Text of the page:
# How to find magnetic field in a square coil next to an RC circuit

• davidhowie34
In summary: B will be the same value throughout the entire coil because the current in the rod is the same at all three points. The current in the rod is the same at all three points because the current in the rod is the same at all three points.
davidhowie34

## Homework Statement

1. (35 pts) You have a coop job helping to test a capacitor energy storage system. There is a rather large capacitor with capacitance, C = 2.02F. It is charged to a potential V = 602.V with the polarity of the capacitor as shown. The large, solid line on the right of the R–C circuit represents a conducting rod which is quite long. To the right of this rod, more or less in its center, there is a small square coil with N = 128 turns, and side a = 10 cm which is a distance b = 0.21 cm away from the rod.

a.) (5 pts) If the time constant of the circuit is to be 60.6 s, what should be the resistance of the resistor R1?

b.) (5 pts) How much energy will be stored on the capacitor?

c.) (5 pts) At t = 0, the switch S is closed. What will be the initial current I0?

d.) (8 pts) At the distance b = .21 cm, what is the magnetic field B at t = 35s?

e.) (8 pts) At t = 35s, what is the induced emf in the coil?

f.) (5 pts) Is the current in the coil clockwise or counter-clockwise? Explain why
[/B]

## Homework Equations

B=mu0/2a, Emf/R=I0, V/r(e^-t/RC),[/B]

## The Attempt at a Solution

a)we know that for an RC circuit, time constant is given by

tau = RC

R = tau/C

R = 60.6/2.02 = 30 Ohm

Hence, R = 30 Ohm

b)energy stored will be:

U = 1/2 C V^2

U = 1/2 x 2.02 x 602^2 = 366028.04 J

Hence, U = 366028.04 J = 3.66 x 10^5 J

c)The initial current would be:

I = V/R = 602/30 = 20.07 A

Hence, I = 20.07 A.

heres where it gets hard.

I know that the normal equation for finding magnetic field a distance away from a current source is B=u0I/2a, however, what am i to do when there is a coil at that distance? And then of course, once i figure this out, the induced emf is just the change in the flux which is BA and the direction can be found with the righthand rule. I just can't figure this one out.

A drawing would help.

davidhowie34
http://imgur.com/a/lVOSx

davidhowie34 said:
I know that the normal equation for finding magnetic field a distance away from a current source is B=u0I/2a
I would re-examine that belief since it's wrong.
And then of course, once i figure this out, the induced emf is just the change in the flux which is BA and the direction can be found with the righthand rule. I just can't figure this one out.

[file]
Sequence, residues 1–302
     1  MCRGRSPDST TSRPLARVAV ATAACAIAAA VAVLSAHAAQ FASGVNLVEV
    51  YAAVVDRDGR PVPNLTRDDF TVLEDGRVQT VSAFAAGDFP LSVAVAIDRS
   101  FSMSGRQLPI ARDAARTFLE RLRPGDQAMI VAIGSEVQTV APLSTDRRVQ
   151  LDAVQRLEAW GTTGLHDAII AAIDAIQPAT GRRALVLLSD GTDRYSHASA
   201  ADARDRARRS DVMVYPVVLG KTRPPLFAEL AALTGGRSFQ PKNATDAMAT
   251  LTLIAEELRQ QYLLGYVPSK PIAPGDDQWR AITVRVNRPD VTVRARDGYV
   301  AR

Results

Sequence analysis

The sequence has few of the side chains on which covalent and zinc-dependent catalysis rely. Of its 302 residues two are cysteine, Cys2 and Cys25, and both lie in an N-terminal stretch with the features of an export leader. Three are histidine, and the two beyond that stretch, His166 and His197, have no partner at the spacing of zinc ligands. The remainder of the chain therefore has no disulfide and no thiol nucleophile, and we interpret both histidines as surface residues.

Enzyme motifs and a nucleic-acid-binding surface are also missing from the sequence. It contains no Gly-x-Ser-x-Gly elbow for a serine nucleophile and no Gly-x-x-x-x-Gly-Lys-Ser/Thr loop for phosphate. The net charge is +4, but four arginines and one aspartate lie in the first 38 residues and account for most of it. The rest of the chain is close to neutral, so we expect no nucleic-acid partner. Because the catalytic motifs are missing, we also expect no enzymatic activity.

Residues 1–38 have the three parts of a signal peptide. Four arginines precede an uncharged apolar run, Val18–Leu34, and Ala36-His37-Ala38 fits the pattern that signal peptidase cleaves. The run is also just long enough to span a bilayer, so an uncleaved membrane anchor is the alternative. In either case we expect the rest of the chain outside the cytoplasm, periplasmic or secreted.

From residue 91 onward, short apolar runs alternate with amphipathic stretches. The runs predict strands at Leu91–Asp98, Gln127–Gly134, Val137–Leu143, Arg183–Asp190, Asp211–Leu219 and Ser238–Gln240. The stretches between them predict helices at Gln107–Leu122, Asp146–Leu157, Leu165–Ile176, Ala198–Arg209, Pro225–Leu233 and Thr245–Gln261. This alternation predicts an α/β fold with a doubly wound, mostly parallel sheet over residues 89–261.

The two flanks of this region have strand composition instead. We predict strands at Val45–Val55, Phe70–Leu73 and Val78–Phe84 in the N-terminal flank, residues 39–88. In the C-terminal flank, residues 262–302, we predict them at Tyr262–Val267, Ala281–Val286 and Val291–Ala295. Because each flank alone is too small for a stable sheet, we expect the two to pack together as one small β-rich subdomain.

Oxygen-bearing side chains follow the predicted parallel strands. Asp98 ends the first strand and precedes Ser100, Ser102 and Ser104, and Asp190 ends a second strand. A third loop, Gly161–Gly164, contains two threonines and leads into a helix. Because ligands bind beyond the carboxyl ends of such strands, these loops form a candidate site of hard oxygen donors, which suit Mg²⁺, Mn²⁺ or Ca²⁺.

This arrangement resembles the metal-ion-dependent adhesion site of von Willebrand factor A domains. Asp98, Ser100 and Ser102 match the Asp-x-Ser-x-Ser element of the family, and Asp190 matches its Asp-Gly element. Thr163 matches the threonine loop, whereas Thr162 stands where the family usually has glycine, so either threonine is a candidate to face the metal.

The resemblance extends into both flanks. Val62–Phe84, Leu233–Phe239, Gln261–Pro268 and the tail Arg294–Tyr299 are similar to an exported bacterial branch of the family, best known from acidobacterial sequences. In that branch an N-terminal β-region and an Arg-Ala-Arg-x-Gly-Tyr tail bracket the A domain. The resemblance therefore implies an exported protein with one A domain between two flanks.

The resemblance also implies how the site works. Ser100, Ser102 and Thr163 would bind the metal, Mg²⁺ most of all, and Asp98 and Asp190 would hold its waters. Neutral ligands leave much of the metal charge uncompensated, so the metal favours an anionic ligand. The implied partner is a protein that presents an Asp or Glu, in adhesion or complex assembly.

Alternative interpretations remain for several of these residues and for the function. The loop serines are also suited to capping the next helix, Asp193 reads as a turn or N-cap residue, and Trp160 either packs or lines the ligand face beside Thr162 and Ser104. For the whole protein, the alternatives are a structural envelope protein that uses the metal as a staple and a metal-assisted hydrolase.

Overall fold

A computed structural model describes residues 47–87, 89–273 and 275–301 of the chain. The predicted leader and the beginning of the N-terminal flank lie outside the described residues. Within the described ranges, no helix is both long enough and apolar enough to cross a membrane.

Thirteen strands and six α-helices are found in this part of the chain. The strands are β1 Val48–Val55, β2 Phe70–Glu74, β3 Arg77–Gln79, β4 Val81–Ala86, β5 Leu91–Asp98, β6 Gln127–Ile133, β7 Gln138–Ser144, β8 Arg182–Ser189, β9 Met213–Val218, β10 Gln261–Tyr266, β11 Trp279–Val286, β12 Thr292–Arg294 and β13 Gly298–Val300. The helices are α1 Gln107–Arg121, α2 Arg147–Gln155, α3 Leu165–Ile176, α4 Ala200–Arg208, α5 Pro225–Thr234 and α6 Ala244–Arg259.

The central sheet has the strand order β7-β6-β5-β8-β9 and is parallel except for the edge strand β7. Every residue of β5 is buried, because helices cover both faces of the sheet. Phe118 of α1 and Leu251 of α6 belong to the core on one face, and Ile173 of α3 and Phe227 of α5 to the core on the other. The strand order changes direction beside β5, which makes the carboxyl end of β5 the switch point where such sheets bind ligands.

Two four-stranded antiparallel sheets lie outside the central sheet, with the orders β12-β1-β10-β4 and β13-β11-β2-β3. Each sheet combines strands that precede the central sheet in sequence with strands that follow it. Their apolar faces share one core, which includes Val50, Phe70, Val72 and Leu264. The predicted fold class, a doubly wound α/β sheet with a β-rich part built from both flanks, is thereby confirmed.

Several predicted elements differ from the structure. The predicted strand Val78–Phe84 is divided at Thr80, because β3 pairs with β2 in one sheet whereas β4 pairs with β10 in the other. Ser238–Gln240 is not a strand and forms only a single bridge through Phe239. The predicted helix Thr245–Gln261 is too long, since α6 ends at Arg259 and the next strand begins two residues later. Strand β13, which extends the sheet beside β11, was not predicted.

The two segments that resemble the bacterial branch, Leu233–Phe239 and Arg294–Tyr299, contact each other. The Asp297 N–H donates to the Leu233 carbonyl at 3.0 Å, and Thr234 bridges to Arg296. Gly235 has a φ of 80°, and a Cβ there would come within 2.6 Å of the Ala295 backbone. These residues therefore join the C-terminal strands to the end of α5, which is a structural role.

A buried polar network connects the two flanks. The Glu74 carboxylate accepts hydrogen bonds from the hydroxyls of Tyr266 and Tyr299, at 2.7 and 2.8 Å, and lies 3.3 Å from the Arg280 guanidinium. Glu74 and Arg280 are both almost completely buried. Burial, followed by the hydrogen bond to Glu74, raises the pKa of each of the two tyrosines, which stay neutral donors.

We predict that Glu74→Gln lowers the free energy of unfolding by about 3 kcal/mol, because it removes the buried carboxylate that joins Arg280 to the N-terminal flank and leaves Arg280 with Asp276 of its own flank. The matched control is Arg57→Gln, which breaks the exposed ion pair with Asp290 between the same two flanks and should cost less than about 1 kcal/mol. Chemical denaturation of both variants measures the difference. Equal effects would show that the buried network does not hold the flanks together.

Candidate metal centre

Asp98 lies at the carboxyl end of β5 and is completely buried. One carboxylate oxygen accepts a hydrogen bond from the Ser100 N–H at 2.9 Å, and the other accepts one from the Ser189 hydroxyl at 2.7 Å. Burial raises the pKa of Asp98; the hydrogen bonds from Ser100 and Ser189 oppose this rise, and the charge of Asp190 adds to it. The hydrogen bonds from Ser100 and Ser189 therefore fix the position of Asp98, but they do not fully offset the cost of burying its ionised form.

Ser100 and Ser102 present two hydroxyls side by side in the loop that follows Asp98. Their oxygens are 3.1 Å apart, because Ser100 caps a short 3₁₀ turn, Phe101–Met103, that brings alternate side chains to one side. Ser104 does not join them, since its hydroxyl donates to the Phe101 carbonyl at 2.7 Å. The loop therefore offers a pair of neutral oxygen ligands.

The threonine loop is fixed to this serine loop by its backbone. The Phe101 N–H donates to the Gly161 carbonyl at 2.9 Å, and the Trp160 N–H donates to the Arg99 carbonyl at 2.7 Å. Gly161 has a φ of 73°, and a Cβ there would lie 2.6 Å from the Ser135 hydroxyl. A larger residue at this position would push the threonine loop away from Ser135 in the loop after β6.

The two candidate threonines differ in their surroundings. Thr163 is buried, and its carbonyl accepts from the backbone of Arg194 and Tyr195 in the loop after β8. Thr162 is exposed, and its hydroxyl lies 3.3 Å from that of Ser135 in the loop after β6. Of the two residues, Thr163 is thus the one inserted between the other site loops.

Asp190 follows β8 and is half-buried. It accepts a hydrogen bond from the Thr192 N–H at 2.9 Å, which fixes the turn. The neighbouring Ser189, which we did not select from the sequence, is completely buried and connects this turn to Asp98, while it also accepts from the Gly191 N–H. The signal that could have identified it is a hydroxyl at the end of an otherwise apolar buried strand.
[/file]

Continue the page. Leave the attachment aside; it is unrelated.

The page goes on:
Will B be the same at all distances d from the rod, b < d < a? If not, what value(s) of B did you have in mind?

rude man said:
I would re-examine that belief since it's wrong.Will B be the same at all distances d from the rod, b < d < a? If not, what value(s) of B did you have in mind?

okay that one is for loops.

B will be the same value throughout the entire coil I believe. I just don't understand how to get it. My friend told me to calculate the charge in the capacitor at t-35, and then find the elctric field at that point, and then convert the electric field to the magnetic field. I am not sure if this is correct. Is it?

davidhowie34 said:
okay that one is for loops.

B will be the same value throughout the entire coil I believe.
Why should it be? Aren't some parts of the loop closer to the rod than other parts? Doesn't that suggest that B is larger the closer you are to the rod?
My friend told me to calculate the charge in the capacitor at t=35, and then find the electric field at that point, and then convert the electric field to the magnetic field. I'm not sure if this is correct. Is it?
In a word, no. Calculate the current in the rod at t, then at t=35s, then compute B(t) at b, then flux Φ(t) in the loop, then dΦ/dt at t=35. Think integration to get B(t,r) with r the ⊥ distance from the rod to a point inside the loop.

## 1. How do you determine the direction of the magnetic field in a square coil next to an RC circuit?

The direction of the magnetic field in a square coil next to an RC circuit can be determined using the right-hand rule. Place your right hand on the coil with your fingers pointing in the direction of the current flow. Your thumb will then point in the direction of the magnetic field.

## 2. What factors affect the strength of the magnetic field in a square coil next to an RC circuit?

The strength of the magnetic field in a square coil next to an RC circuit is affected by the number of turns in the coil, the current flowing through the coil, and the distance between the coil and the RC circuit. Increasing any of these factors will result in a stronger magnetic field.

## 3. Can the magnetic field in a square coil next to an RC circuit be manipulated?

Yes, the magnetic field in a square coil next to an RC circuit can be manipulated by changing the current flow through the coil or by changing the distance between the coil and the RC circuit. This can be done by adjusting the circuit components or physically moving the coil.

## 4. What is the relationship between the magnetic field and the resistance in an RC circuit?

The magnetic field in a square coil next to an RC circuit is not directly affected by the resistance in the circuit. However, the resistance can indirectly affect the magnetic field if it affects the current flowing through the coil. A higher resistance will result in a lower current and therefore a weaker magnetic field.

## 5. How is the magnetic field measured in a square coil next to an RC circuit?

The magnetic field in a square coil next to an RC circuit can be measured using a Gaussmeter or a Hall probe. These tools can accurately measure the strength and direction of the magnetic field. Alternatively, the magnetic field can also be calculated using mathematical equations based on the coil dimensions and current flow.

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